THE SOUTH AFRICAN ORION DUET AND MATUNDA YA YESU
MATUNDA YA YESU is under the direction of Lungile. This choir is comprised of African refugees who are resettled in Albuquerque. They sing in their African Languages: Kirundi, Kinyarwanda, and Swahili. The SAOD sings in South African languages such as Xhosa, Zulu, Ndebele, Sotho, and English.
Perfoming arts is their specialty. They sing, preach, and dance, depending on the occasion, but most of all, we are here to serve,advocate for the dignity and rights of the refugee and other vulnerable populations of the world.
The SAOD sings in churches, schools, theaters, weddings, and even in funerals.
They have perfomed around USA from New York to California. Their CD's have been sold in USA, England, Canada, and South Africa.
Elder Lungile Sinandile is an ordained Elder(Bishop) and a church Organist. If you would like a sample of his sermons please do not hesitate to ask. He specializes in :
To celebrate and retain their cultural identity Lungile and Nkazi perform South African cultural dances, music and drumming when invited by the schools for a cultural programs. Many of the songs they sing are composed and arranged by Lungile.
The duo temporarily lives with their two daughters and grand children in Albuquerque, New Mexico.
Lungile: accomplished Composer, Singer, Guiterist, Key board and organ player, Ordained Elder, Preacher, Refugee Youth Choir director, Community Support Coordinator for African Refugees- New Mexico, HIV/AIDS orphans advocate, grand father, Certified by Family Dynamics Institute, "to lead the most, powerful and effective course for strengthening good marriages, revitalizing stagnant marriages, and saving marriages that seem to be lost”.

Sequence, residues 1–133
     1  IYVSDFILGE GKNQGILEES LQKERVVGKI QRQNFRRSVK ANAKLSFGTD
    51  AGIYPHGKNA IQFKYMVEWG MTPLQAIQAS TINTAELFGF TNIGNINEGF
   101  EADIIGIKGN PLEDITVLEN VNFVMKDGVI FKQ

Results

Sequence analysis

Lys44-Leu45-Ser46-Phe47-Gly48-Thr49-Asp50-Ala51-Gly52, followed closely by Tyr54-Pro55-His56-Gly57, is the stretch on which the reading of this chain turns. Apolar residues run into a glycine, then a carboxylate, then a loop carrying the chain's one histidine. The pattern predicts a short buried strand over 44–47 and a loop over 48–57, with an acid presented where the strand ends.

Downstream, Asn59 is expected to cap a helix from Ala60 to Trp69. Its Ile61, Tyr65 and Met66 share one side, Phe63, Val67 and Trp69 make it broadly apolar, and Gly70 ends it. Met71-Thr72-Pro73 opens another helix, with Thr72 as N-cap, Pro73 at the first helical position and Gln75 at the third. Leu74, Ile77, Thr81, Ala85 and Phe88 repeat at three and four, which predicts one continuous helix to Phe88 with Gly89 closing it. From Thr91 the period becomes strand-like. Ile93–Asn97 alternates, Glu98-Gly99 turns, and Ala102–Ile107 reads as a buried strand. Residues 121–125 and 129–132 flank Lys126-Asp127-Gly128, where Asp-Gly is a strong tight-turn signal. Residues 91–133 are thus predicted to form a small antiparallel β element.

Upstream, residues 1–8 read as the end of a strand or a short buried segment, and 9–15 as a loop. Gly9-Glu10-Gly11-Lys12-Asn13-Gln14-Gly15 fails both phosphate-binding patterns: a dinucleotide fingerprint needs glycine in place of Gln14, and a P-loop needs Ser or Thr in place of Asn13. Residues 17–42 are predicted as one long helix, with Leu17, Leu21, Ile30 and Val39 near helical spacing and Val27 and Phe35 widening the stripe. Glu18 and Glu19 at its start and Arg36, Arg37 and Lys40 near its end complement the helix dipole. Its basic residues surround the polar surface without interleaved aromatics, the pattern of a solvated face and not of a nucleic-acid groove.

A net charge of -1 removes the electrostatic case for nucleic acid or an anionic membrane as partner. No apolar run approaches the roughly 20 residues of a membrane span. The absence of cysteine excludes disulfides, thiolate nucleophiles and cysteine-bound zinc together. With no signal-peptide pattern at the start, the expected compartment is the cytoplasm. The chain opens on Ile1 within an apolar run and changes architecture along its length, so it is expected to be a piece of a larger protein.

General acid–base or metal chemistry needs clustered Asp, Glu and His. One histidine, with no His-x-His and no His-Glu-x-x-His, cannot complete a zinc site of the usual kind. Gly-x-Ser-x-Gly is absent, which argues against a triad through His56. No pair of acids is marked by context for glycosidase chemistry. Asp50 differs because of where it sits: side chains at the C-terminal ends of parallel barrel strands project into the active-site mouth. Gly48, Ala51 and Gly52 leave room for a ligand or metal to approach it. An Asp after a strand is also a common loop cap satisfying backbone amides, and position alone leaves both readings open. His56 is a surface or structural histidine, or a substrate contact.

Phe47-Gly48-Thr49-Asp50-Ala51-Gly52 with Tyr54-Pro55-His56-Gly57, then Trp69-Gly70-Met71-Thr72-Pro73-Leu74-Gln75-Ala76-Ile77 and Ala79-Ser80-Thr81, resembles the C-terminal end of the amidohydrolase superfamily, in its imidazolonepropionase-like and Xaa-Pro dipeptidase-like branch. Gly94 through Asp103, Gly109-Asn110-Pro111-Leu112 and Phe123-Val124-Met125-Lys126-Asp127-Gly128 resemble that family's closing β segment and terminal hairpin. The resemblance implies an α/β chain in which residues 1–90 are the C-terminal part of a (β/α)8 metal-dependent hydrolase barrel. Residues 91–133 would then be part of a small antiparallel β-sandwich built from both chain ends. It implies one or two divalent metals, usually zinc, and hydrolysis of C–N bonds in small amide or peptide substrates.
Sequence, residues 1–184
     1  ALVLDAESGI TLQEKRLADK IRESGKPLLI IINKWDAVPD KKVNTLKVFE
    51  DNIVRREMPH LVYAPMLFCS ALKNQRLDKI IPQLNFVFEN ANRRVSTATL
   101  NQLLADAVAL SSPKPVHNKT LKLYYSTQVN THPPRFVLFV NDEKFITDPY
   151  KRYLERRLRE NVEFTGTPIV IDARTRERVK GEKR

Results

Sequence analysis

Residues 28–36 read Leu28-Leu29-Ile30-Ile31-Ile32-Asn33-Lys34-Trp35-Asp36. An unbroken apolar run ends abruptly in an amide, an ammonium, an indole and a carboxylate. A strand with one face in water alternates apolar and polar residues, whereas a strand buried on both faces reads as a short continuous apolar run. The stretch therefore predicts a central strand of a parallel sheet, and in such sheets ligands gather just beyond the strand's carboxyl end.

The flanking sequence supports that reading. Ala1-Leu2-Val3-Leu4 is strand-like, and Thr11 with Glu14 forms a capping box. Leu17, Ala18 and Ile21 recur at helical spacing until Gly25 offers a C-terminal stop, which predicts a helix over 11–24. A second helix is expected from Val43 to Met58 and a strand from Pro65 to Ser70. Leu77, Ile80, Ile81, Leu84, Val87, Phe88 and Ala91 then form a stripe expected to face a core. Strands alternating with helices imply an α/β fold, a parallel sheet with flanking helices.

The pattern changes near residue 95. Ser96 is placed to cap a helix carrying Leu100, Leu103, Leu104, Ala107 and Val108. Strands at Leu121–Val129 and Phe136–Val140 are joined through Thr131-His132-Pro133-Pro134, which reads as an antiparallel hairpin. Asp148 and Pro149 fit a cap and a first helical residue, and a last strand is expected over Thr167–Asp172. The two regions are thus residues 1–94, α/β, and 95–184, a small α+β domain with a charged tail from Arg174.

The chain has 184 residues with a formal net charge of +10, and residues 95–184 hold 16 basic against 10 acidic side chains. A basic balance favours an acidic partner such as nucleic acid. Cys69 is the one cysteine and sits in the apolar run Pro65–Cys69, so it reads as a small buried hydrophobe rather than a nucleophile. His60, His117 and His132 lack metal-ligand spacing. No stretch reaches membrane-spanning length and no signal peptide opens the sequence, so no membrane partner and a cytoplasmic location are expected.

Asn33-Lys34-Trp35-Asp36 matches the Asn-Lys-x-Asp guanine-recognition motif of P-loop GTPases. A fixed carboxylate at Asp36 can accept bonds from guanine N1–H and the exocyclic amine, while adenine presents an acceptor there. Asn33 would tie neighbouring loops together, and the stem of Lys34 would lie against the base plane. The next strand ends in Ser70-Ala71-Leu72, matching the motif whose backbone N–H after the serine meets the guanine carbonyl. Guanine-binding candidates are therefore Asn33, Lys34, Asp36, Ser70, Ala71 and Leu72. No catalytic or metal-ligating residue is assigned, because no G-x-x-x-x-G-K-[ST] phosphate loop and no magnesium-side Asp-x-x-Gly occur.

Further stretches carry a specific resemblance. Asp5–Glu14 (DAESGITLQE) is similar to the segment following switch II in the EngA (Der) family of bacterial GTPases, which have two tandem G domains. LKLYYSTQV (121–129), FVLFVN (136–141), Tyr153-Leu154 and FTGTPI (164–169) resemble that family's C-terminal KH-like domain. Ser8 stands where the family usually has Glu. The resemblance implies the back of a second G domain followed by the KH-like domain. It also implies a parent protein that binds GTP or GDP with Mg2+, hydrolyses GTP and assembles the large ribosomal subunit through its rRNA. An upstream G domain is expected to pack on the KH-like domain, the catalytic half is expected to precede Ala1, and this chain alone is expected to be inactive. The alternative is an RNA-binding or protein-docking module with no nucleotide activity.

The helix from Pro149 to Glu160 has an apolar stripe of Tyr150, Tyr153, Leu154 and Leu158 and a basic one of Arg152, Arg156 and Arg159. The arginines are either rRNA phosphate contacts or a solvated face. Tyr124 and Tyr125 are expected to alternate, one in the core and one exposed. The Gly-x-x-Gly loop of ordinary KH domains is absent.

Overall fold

Nkazi: Accomplished Singer, Community Support Coordinator For African Refugees-New Mexico, ESL Tutor and Founder of Tutoring At Bambanani Village (TABV) for refugees; grand mother, Family Dynamics Institute certified and director of Women's Global Pathways New Mexico, a newly established organization that creates small business journeys for refugee and other immigrant women and girls.
Their thirty years in the United states has been riddled with misfortune ( has truly been a worthwhile wilderness experience for them, hence the book Lungile wrote - Second Chance), however, in spite of that, they have allowed God to use them to be His voice, the hands and feet for the less fortunate. "Their heart for Africa has not waned, even though the couple moved to the United States in 1981", says Patrick Dunn, for the Albuquerque Journal, New Mexico.